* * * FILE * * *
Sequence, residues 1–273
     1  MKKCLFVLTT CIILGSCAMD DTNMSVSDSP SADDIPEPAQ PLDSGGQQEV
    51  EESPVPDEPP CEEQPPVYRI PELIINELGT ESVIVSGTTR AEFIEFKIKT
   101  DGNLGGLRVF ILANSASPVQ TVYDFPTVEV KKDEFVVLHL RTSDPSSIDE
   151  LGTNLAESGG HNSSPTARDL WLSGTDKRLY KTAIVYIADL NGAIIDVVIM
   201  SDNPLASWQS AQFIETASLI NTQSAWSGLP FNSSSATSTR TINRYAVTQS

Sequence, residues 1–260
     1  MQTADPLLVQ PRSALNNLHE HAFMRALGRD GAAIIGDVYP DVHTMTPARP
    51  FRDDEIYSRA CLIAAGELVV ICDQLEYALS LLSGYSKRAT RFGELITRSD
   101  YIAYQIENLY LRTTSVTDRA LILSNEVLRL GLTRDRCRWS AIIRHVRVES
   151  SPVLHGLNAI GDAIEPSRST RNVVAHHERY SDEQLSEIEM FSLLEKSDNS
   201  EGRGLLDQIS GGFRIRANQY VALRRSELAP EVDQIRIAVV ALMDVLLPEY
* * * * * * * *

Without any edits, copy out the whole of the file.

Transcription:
Sequence, residues 1–273
     1  MKKCLFVLTT CIILGSCAMD DTNMSVSDSP SADDIPEPAQ PLDSGGQQEV
    51  EESPVPDEPP CEEQPPVYRI PELIINELGT ESVIVSGTTR AEFIEFKIKT
   101  DGNLGGLRVF ILANSASPVQ TVYDFPTVEV KKDEFVVLHL RTSDPSSIDE
   151  LGTNLAESGG HNSSPTARDL WLSGTDKRLY KTAIVYIADL NGAIIDVVIM
   201  SDNPLASWQS AQFIETASLI NTQSAWSGLP FNSSSATSTR TINRYAVTQS

Sequence, residues 1–260
     1  MQTADPLLVQ PRSALNNLHE HAFMRALGRD GAAIIGDVYP DVHTMTPARP
    51  FRDDEIYSRA CLIAAGELVV ICDQLEYALS LLSGYSKRAT RFGELITRSD
   101  YIAYQIENLY LRTTSVTDRA LILSNEVLRL GLTRDRCRWS AIIRHVRVES
   151  SPVLHGLNAI GDAIEPSRST RNVVAHHERY SDEQLSEIEM FSLLEKSDNS
   201  EGRGLLDQIS GGFRIRANQY VALRRSELAP EVDQIRIAVV ALMDVLLPEY